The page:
I've met a lot of authors, many when I lived in Denver near The Tattered Cover bookstore such as Diana Gabaldon, Clive Cussler, and Diane Mott Davidson. I've met Nora Roberts, Sylvia Day, Susan Elizabeth Phillips and a whole lot more since I started writing romances and attended several writing conferences. Most authors are very willing to talk about writing and offer advice and are supportive of those aspiring to be published like me.
Margaret Atwood 4 years ago in a university theater. She read an excerpt from her latest work and talked about writing. It was like being in the presence of a benevolent deity. She was very nice. All of us looked spellbound. Everyone was ready to give up their kidneys if she said she needed them to fertilize her hydrangeas.Takeaway: It doesn't suck to be Margaret Atwood.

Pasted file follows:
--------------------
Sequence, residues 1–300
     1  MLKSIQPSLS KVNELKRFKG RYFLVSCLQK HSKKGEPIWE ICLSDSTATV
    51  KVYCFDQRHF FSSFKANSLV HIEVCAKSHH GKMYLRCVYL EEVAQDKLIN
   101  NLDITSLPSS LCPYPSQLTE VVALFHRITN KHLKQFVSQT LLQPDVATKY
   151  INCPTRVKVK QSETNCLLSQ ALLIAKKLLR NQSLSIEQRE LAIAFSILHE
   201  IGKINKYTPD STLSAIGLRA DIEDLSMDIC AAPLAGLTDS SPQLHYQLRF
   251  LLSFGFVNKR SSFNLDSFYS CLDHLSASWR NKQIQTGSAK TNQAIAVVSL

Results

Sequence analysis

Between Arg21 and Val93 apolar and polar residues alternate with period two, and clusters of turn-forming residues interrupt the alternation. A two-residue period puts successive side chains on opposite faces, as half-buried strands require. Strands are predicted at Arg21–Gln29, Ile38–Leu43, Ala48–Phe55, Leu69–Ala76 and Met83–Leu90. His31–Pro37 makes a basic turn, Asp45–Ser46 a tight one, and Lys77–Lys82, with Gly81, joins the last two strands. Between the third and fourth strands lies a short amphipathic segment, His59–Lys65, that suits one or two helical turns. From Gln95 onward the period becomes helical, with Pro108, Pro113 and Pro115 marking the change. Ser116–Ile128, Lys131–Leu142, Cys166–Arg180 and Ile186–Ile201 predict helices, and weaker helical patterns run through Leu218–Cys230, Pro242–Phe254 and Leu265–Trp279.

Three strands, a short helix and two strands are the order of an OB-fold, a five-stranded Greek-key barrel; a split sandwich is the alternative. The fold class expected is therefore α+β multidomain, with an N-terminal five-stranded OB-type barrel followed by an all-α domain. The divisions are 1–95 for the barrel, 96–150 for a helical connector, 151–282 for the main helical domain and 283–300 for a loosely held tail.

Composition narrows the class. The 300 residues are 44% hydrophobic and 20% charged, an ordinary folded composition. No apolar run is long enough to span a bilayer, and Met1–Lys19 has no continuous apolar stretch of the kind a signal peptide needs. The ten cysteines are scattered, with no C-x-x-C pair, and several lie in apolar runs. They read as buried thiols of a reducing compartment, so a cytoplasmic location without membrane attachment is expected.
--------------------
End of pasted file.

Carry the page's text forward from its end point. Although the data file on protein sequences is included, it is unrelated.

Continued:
I met Chuck Wendig twice last year. The first time, I had no idea who he was... he looked like some writer struggling like the rest of us. But when he got up to give the keynote at the local conference, I was blown away by his humor and personality. Afterwards, we chatted while he signed my book. He's down to earth, a great guy with no pretenses. A few months later I saw him again at a huge national conference and he recognized me (I have awfully big hair) and was kind enough to take photos with me. I started following his blog and buying more of his writing books (Damn Fine Story is an excellent book on craft). I feel like I *know* someone in the business. But more importantly, he showed me how a successful author should act and engage with his readers. A class act.